The Church of England has made last-ditch efforts to engage with sexual abuse survivors before a report of how it recorded cases of abuse is published.
That report is expected to be highly critical of the Church.
The BBC has learned that abuse allegations involving dead and retired clergy were left out of a CofE review.
A spokesperson for the Anglican Church said recent criticisms “have been taken very seriously and acted upon”.
Survivors have accused the Church of a “wholly inadequate” response.
Since March the Independent Inquiry into Child Sexual Abuse (IICSA) has heard how the Church of England handled allegations of sexual misconduct stretching back to the 1950s.
It has been an uncomfortable experience for Church leaders.
The Archbishop of Canterbury Justin Welby described Church failures as “deeply shaming”.
The Church of England’s Past Cases Review (PCR) looked at over 40,000 case files – it is not known whether they all related to abuse claims – but the review concluded that just 13 cases of alleged child sexual abuse needed formal action.
‘Satanic ritual abuse’
The BBC has seen emails showing discussions and disagreements about which cases to include.
They show confusion about the criteria of who to include. Eventually the PCR excluded those who had died, retired, or who were deemed no longer to pose a risk.
Other excluded cases related to a cleric who was allegedly addicted to pornography and another said to have had an “obsessional interest in satanic ritual abuse”.
Sexual offences which had been decriminalised were also left out, leaving the possibility that cases involving abuse of boys of the age of 16 or 17 went unrecorded.
Allegations of grooming behaviour were also excluded. One diocesan bishop did not engage with the review at all and many files containing allegations remained unopened in filing cabinets.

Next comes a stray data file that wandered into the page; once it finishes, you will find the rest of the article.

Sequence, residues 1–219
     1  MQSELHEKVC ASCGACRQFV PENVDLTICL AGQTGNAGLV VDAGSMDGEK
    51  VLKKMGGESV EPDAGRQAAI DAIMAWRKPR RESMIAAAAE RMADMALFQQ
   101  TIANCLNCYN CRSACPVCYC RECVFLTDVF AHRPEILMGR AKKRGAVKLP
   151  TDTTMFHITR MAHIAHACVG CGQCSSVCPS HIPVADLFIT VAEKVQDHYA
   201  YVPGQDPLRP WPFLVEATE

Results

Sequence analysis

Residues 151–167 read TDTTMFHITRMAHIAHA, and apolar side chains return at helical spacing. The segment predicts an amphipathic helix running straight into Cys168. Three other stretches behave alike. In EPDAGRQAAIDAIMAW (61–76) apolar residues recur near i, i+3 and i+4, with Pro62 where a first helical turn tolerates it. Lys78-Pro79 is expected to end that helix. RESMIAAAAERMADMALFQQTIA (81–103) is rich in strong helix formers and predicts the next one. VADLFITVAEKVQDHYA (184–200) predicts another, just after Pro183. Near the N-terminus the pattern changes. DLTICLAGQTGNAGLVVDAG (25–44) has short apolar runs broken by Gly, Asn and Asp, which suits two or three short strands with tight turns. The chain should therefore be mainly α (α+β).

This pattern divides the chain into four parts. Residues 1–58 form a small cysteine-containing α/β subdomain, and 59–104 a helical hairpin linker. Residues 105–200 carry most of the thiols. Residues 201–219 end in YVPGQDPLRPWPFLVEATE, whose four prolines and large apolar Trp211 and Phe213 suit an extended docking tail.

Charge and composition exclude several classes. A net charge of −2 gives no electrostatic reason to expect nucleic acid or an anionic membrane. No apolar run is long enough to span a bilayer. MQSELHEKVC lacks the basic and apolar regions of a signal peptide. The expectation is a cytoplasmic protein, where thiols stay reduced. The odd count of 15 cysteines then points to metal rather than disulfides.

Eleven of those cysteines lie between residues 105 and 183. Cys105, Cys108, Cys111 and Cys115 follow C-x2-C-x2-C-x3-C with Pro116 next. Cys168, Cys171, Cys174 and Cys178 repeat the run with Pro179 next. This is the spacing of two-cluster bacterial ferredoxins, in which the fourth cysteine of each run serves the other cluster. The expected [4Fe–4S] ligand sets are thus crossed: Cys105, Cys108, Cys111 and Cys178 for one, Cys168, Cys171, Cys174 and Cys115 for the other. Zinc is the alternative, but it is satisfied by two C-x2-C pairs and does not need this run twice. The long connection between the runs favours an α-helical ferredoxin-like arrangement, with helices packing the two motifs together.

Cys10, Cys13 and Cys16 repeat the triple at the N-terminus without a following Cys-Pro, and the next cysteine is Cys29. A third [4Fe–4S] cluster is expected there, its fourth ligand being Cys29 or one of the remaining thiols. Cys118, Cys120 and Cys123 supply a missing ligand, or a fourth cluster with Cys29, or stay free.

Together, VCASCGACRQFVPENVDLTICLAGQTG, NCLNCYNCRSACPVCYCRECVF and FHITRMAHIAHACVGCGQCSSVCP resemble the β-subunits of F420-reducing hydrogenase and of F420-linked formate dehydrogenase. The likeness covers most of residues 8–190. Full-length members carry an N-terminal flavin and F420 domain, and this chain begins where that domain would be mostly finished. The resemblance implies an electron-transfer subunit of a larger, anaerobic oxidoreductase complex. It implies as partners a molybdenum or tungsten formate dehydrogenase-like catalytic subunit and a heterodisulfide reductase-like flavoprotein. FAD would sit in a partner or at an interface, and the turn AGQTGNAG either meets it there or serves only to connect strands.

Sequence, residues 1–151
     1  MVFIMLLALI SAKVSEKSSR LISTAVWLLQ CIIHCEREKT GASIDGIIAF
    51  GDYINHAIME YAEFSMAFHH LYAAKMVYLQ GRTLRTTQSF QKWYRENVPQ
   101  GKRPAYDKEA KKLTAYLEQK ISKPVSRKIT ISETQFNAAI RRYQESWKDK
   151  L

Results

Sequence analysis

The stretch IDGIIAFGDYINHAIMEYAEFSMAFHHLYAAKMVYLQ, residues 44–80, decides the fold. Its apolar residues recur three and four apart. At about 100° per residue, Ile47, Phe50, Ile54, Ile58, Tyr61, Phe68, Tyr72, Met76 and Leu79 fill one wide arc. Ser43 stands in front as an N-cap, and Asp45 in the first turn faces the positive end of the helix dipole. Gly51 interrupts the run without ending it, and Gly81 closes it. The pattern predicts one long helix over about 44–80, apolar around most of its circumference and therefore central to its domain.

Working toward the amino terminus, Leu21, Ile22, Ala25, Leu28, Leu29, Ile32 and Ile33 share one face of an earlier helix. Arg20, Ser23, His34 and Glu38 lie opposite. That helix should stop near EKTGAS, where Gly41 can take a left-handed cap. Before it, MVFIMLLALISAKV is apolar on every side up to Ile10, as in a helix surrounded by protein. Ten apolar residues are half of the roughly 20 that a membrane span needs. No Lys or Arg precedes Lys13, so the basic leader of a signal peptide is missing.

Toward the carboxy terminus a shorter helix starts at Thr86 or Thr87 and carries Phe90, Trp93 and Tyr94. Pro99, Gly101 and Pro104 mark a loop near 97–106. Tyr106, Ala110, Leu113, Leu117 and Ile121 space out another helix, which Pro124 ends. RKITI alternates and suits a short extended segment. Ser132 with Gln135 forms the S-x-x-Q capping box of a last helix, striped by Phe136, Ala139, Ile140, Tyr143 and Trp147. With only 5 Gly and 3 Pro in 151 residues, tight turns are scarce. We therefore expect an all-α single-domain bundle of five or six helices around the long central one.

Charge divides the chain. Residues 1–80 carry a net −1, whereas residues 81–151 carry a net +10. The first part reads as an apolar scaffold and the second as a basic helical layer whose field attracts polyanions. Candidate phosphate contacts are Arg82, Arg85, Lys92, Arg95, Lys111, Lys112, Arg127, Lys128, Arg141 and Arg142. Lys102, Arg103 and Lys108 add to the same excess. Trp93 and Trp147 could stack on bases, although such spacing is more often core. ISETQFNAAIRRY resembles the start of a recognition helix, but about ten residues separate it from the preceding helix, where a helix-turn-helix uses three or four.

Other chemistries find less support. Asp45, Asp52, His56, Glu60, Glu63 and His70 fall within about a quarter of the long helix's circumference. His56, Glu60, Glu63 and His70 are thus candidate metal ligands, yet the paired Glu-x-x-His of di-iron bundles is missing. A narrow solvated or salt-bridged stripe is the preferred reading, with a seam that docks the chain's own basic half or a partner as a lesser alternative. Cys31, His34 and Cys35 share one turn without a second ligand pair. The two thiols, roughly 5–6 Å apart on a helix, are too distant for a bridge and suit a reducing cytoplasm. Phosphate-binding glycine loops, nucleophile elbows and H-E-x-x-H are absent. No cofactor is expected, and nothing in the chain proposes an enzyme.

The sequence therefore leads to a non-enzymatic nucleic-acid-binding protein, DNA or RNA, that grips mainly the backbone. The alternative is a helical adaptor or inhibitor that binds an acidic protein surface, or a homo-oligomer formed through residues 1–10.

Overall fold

Justin Humphries of the Churches’ Child Protection Advisory Service says the review may have failed to identify some abusers.
“I can’t say for sure but I think it would be fair to say that yes, that is a distinct possibility.”
A report will be published next month into the PCR. It is expected to be highly critical.
The report author, Sir Roger Singleton, has already told the inquiry about multiple failings in the way the review was carried out with “concern about the reliability of the statistics” and “chaotic structure”.
Documents also suggest the Church hierarchy worked behind the scenes to limit damage to the reputation of the then-Archbishop of Canterbury, Rowan Williams.
In an email exchange in October 2010 – during the Chichester sex abuse scandal – a press adviser to Dr Williams said “the real danger here is that these stories are used to suggest that the CofE is as bad as Rome, both in abuse and cover-up” and “the aim must be to distance the current ABC (Archbishop of Canterbury) from it as much as poss”.
Dr Williams told the inquiry he had not previously seen the email.
In most cases survivors were not asked to give evidence to the Past Cases Review and there has been criticism of the Church for failing to fully involve them.
Phil Johnson, who was abused by a clergyman in the Chichester Diocese, says the Church’s response to survivors has been “wholly inadequate… there’s been a sense of paralysis almost on the part of the Church” and “of seeing the survivors as the problem”.
The Church of England says criticism of its handling of the review have been taken very seriously and have been acted upon.
It says it will support the recommendations in next month’s report by Sir Roger Singleton and has also commissioned a survey from the Social Care Institute for Excellence, asking for the views of survivors.